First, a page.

All Round Player
To be the G.O.A.T one must be great and successful in all forms of the game of tennis. This includes singles, doubles and team competitions (Davis Cup/Olympics). Don’t for a second think this is not an important issue. Just because doubles is not as popular on TV it does not mean that is not to be regarded highly. It is a different and skillful part of tennis.
The accuracy and reflex’s required for doubles are of the very highest quality. Doubles was regarded very highly until recent times when the top players decided it was too stressful to play both.
Pete Sampras was one such player and he readily admits to struggling with doubles when he did play. Sampras found that the ball was speeding around him too quickly. This is not to say players like Borg, Sampras or any of the modern players such as Agassi, Nadal (who has won several titles), Djokovic, or Federer wouldn’t be top players if they played more often. However, they haven’t challenged themselves as previous generations did in this department.
So in light of this should they even be considered for the G.O.A.T list? Wouldn’t the Greatest Tennis Player Of All Time need to be great at all forms of tennis? Below is a list of singles champions with substantial doubles titles.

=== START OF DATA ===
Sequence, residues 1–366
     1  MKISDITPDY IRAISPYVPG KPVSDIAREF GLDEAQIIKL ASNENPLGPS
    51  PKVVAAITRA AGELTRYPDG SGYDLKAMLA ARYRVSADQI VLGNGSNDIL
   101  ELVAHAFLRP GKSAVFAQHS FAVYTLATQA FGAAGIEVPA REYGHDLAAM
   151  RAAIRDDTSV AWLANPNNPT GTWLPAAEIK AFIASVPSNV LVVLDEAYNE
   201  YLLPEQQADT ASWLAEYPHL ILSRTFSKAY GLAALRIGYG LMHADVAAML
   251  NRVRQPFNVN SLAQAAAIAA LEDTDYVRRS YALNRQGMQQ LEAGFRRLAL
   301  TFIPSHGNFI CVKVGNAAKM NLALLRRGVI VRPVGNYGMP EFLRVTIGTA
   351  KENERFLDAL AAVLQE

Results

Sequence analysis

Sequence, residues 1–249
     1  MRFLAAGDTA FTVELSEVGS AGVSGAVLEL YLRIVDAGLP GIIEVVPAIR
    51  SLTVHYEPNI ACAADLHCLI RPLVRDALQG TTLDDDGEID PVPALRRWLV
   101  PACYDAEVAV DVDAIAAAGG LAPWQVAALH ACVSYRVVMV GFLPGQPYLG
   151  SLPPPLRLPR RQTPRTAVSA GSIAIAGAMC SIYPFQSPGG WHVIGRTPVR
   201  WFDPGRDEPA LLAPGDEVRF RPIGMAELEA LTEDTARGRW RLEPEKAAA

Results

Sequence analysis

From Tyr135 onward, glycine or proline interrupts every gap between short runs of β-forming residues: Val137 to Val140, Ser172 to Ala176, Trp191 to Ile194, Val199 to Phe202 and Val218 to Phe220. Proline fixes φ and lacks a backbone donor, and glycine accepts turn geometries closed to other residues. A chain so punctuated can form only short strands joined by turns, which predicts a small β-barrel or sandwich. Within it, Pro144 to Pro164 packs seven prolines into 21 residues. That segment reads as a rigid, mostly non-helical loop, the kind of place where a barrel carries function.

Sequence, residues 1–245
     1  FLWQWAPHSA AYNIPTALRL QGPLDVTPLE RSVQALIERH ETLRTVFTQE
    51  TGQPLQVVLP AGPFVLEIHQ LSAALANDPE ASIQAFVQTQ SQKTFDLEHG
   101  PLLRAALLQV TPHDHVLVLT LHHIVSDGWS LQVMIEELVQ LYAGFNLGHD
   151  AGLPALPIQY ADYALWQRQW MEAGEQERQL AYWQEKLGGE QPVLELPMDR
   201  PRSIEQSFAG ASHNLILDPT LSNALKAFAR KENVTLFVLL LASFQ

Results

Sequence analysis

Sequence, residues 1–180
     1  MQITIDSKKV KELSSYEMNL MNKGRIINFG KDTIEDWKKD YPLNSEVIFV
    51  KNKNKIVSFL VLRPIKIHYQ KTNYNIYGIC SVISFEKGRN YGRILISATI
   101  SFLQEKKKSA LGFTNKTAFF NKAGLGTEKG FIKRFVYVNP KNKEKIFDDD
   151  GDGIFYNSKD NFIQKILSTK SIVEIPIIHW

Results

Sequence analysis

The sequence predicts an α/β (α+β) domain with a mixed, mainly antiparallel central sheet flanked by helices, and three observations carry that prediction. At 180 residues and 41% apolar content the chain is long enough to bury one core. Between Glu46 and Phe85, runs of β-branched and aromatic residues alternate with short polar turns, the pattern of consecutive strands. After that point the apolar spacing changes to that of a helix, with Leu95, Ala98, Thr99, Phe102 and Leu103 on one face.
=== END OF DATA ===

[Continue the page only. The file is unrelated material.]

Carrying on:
Well it goes without saying that players are bigger and perhaps stronger each generation or two. From time to time I hear a player from this generation say how the game is more physically demanding than it was. Well lets just have a little look back.
We have to remember players in the early pro era trained very hard, practicing as much or more than the players do now. 4 – 6 hours a day in the same heat but with poor shoe wear, heavier rackets and no special energy drinks to rehydrate. This takes a great determination! Stretching and gym work was also done, though not using the machines we have now. Push ups, sit ups, jumps, medicine ball, etc were the methods of the day. There is actually now a trend going back to these forms of training instead of weights.
Players in the 40’s -70’s regularly played best of 5 sets in tournaments and particularly finals (not just Grand Slams). A 5 set match was not a one off but a regular occurrence. Players from that era also played singles, doubles and mixed doubles at Grand Slams. This is much tougher than playing only one event. It means they never had a day off to recover during the tournament!